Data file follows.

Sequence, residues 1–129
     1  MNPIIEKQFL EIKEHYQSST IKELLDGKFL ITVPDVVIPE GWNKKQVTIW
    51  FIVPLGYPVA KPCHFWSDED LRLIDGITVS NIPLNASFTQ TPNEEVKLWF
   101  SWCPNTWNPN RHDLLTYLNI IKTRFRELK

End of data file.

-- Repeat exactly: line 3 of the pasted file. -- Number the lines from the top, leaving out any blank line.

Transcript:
    51  FIVPLGYPVA KPCHFWSDED LRLIDGITVS NIPLNASFTQ TPNEEVKLWF